WHO BOMBED JUDI BARI? follows the unsolved case of Earth First! activist and anti-logging environmentalist Judi Bari and her colleague Darryl Cherney, who were accused of terrorism after their car exploded in Oakland in 1990. The documentary, by political blogger and filmmaker Mary Liz Thompson and produced by Cherney, screens on Saturday, September 29 at 2:00 p.m. at the solar-powered Humanist Hall. Darryl Cherney will be in attendance for a Q&A and the film will be followed by a WOMEN’S SHORTS program at 4:00 p.m.
International activism is represented by the East Bay premiere of MACHETE LANGUAGE, Mexican director Kyzza Terrazas’s edgy first feature set during the violent police repression of indigenous protesters in San Salvador Atenco, Mexico, which screens Friday, September 28 at 7:00 p.m. at the Humanist Hall, and by SISTERHOOD, a documentary film from South Africa that follows three transgender women from their day jobs as wine estate farmhands (as men) to their night lives as women, as they confront prejudice at every turn and find triumph in togetherness. SISTERHOOD screens on Saturday, September 29 at 12:00 p.m. at the Humanist Hall and is preceded by the short documentary film NOT ONE MORE (17 mins), which focuses on the more than 430 unidentified young women who have disappeared and been found dead in maquiladoras (border town factories) in the State of Chihuahua, Mexico. This year OakUFF teams up with Jamie DeWoolf, founder of Oakland-based variety show Tourrettes Without Regrets, called “one of the best underground performance art shows in America” by the Huffington Post. Wolfe’s film SMOKED, a dark comedy about the misadventures of three gutter punk stoners whose housewarming party ends in flames, screens Saturday September 29 at 8:00 p.m. at Vitus-410 Ballroom, and is followed by a burlesque performance and party at 10:00 p.m., closing out the fest’s run at the Ballroom. Saturday night party is $5 with the purchase of an OakUFF movie ticket.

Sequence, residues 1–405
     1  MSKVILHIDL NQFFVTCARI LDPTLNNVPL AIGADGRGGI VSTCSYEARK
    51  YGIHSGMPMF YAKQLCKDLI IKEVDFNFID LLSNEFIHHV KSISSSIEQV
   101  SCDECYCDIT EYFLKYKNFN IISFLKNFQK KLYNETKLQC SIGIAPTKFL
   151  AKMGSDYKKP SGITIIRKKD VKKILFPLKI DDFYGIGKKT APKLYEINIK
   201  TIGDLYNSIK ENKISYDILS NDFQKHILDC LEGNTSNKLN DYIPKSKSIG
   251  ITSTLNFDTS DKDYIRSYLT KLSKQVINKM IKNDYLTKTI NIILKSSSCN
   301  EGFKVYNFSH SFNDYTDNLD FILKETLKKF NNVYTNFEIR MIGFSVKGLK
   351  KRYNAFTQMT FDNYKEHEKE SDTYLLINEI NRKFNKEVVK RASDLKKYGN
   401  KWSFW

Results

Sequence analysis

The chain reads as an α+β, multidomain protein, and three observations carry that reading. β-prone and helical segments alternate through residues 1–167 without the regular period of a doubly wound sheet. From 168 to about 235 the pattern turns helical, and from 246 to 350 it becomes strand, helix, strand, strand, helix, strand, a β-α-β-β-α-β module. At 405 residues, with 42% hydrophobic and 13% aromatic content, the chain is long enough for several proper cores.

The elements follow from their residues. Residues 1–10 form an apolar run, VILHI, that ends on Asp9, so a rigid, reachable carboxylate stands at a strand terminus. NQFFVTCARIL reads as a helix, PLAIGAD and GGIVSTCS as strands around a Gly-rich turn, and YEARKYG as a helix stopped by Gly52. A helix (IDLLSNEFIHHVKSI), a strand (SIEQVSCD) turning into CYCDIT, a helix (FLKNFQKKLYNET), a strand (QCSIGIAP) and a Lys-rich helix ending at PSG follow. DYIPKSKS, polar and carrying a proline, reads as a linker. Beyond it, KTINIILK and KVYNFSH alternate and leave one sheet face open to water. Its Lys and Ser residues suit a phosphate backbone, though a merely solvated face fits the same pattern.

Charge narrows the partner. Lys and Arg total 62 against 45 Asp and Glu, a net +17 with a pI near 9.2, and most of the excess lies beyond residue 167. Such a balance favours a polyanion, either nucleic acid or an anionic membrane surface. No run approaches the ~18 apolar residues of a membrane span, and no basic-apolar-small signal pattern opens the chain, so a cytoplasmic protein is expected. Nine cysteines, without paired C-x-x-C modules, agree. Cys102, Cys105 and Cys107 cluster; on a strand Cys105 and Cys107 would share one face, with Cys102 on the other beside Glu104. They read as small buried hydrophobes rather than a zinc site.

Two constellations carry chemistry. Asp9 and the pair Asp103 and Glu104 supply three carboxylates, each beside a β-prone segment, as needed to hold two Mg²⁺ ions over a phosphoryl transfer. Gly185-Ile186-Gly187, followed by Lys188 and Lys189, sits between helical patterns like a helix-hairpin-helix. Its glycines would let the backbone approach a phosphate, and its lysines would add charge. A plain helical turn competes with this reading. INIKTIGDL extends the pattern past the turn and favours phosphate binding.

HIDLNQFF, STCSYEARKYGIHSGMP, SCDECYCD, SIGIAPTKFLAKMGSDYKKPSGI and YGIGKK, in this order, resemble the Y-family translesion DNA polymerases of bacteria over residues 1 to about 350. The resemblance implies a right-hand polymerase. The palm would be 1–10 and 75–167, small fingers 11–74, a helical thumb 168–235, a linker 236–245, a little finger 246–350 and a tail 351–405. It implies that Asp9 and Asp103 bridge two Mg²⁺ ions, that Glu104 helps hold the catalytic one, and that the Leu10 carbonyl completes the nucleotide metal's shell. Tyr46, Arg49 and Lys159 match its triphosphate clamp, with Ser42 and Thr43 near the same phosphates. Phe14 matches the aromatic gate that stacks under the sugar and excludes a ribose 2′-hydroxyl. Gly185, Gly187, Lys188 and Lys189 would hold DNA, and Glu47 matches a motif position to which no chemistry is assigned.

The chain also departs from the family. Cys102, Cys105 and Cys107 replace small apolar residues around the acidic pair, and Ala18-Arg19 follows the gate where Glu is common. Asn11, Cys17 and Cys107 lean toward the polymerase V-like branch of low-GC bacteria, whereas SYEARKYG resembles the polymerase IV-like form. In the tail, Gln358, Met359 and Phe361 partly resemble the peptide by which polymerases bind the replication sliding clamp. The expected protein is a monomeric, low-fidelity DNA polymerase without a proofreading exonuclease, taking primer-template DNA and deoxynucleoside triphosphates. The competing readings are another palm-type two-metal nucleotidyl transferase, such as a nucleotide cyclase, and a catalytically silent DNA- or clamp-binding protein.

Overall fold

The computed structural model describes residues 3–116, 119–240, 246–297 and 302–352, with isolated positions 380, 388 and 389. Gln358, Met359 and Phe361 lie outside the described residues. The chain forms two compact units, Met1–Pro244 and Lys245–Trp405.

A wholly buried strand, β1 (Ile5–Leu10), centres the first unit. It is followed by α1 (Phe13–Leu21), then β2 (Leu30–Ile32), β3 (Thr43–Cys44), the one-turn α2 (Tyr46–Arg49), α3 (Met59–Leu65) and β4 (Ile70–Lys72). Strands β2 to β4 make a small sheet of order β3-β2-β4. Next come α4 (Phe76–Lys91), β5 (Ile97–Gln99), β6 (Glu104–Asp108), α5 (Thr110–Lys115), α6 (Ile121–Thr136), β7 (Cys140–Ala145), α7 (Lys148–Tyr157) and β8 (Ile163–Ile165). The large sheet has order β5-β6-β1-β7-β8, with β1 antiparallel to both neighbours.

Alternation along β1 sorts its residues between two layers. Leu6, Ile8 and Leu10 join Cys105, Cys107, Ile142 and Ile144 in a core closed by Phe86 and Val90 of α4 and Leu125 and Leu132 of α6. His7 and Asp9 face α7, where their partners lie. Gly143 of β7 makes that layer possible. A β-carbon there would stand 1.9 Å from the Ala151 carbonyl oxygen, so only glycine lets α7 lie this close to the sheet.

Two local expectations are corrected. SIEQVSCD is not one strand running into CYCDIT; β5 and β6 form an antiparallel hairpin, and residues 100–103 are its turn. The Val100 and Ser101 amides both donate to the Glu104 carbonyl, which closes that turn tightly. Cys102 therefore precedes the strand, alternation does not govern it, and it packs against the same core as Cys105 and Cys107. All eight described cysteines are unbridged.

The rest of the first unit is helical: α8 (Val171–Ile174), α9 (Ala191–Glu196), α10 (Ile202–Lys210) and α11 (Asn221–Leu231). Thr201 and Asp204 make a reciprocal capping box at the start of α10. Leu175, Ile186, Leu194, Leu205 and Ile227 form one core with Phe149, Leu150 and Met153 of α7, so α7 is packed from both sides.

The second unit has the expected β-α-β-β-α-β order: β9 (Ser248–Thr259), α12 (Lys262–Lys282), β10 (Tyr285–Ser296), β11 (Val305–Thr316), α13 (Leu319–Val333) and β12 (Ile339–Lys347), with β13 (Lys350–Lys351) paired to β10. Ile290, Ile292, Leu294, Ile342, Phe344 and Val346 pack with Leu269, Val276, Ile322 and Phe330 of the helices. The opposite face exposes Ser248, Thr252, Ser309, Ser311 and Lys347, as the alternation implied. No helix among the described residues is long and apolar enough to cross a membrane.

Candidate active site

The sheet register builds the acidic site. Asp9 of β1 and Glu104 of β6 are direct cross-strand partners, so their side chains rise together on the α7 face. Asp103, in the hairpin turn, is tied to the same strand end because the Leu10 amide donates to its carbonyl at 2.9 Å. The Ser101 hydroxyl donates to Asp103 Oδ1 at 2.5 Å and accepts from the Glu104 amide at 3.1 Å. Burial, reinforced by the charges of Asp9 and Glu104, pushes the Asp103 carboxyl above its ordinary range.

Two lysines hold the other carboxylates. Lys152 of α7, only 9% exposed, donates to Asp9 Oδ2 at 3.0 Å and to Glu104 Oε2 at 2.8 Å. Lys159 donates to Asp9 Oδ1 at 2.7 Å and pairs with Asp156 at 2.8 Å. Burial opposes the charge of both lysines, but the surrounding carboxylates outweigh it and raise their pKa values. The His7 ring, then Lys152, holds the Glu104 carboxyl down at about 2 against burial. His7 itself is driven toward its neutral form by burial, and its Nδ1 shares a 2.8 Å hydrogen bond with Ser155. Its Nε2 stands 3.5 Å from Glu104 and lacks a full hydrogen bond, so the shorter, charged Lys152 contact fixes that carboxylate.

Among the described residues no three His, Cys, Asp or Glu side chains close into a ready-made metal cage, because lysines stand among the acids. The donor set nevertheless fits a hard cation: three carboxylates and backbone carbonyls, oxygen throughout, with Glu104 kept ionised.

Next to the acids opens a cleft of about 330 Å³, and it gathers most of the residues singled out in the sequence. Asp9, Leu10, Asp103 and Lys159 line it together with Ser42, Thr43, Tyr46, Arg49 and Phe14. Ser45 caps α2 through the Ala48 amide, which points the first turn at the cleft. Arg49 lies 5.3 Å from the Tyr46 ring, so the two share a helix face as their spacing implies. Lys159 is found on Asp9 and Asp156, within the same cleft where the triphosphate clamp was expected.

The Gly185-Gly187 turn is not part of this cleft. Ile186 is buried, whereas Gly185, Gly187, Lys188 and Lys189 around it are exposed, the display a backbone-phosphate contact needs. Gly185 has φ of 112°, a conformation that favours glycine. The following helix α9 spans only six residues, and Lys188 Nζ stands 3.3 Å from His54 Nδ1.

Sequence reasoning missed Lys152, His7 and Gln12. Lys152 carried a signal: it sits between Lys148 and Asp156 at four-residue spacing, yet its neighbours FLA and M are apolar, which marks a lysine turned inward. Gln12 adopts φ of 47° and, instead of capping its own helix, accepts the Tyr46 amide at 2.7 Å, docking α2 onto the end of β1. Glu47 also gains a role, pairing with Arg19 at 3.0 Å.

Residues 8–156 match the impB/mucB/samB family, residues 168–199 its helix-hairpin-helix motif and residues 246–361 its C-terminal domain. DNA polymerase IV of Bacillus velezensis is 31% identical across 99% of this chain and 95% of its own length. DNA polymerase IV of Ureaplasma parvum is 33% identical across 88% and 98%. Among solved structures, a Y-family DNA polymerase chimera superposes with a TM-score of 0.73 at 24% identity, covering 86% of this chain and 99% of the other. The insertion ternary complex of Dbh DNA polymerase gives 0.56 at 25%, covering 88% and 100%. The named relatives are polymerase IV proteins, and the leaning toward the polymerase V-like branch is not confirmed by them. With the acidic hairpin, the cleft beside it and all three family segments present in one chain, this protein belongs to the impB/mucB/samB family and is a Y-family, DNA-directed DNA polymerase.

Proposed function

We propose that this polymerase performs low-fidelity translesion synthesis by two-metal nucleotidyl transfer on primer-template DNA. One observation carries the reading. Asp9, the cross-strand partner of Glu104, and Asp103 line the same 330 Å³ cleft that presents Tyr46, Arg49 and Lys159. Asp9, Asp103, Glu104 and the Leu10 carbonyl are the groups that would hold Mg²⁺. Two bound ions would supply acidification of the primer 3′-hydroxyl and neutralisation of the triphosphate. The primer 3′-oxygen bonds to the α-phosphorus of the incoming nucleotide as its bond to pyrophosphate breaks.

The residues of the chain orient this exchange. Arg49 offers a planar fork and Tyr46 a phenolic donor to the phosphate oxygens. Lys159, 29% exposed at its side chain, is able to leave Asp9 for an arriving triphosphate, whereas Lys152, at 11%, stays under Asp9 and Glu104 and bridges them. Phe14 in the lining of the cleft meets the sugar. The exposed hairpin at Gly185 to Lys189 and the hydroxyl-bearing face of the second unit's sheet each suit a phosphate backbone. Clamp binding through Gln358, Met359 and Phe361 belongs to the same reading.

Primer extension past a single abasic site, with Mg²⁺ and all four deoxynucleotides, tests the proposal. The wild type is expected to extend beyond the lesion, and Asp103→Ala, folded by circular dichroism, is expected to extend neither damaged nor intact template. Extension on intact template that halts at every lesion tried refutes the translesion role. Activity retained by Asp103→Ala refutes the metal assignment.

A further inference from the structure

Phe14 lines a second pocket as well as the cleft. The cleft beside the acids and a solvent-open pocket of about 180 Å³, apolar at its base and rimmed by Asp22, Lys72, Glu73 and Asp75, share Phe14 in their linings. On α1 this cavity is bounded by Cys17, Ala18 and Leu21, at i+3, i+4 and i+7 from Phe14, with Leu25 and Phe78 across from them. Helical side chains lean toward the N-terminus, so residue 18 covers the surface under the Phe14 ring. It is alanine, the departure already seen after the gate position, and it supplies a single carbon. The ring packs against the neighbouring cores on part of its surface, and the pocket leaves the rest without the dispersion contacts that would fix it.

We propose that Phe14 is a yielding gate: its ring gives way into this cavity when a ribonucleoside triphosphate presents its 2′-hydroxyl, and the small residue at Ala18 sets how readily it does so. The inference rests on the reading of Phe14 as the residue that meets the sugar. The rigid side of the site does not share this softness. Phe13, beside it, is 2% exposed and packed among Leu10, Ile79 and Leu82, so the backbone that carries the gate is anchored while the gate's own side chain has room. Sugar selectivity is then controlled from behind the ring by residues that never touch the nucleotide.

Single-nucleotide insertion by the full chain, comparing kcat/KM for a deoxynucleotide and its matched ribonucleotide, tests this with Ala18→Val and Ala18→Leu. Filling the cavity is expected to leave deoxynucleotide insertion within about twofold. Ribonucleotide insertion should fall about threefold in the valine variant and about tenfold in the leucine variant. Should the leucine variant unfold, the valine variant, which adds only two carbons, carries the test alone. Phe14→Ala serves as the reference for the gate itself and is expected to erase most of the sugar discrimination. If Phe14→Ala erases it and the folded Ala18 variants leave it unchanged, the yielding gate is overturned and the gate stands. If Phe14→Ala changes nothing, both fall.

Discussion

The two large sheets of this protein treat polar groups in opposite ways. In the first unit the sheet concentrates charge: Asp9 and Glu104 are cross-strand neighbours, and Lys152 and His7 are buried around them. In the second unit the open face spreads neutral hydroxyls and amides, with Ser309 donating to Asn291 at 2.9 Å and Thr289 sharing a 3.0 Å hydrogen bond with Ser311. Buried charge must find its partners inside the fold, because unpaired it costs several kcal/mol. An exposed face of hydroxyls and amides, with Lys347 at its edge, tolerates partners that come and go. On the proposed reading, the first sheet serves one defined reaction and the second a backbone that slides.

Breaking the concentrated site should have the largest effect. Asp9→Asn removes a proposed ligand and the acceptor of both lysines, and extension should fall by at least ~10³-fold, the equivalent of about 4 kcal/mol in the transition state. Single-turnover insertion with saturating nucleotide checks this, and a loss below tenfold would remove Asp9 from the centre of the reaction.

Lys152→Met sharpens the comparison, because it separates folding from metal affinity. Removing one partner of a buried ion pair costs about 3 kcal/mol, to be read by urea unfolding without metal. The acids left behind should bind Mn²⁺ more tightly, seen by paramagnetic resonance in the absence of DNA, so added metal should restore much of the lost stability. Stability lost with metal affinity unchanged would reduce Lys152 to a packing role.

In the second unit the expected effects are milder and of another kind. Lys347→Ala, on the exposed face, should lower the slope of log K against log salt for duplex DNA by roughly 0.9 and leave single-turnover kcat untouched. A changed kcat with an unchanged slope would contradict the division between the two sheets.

NoLA narrative TCHOUPITOULAS and David Walker Blaxploitation program to close fest On Sunday, September 30th at 12:00 p.m. at the Humanist Hall, fest-goers will be treated to an afternoon of shorts by local filmmakers, many of whom will be in attendance for a Q&A. Then at 2:00 p.m. award-winning journalist, filmmaker, comic book writer, YA author, and creator of the pop culture magazine BadAzz MoFo David Walker presents and in-depth examination of blaxploitation films of the 70s in MACKED, HAMMERED, SLAUGHTERED, AND SHAFTED: A Conversation with David Walker. Walker will screen MACKED, HAMMERED, SLAUGHTERED, AND SHAFTED; BLACK SANTA’S REVENGE; and THE DAY THEY RAN OUT OF BULLETS and discuss the films.
As the late summer sun goes down at 7:00 p.m., the fest closes with sibling documentarians Bill and Turner Ross’ TCHOUPITOULAS, a captivating sensorial immersion into the kaleidoscopic colors, shadows, and sounds of a New Orleans nocturnal fantasy world, experienced with the awe of a child. As the sky darkens and the city lights up, we wander with three young teens past the shops on Canal Street, the burlesque shows and debauchery of Bourbon Street, and musicians on Decatur. Artistically mixing reality and fiction, TCHOUPITOULAS breaks bounds in cinematic storytelling.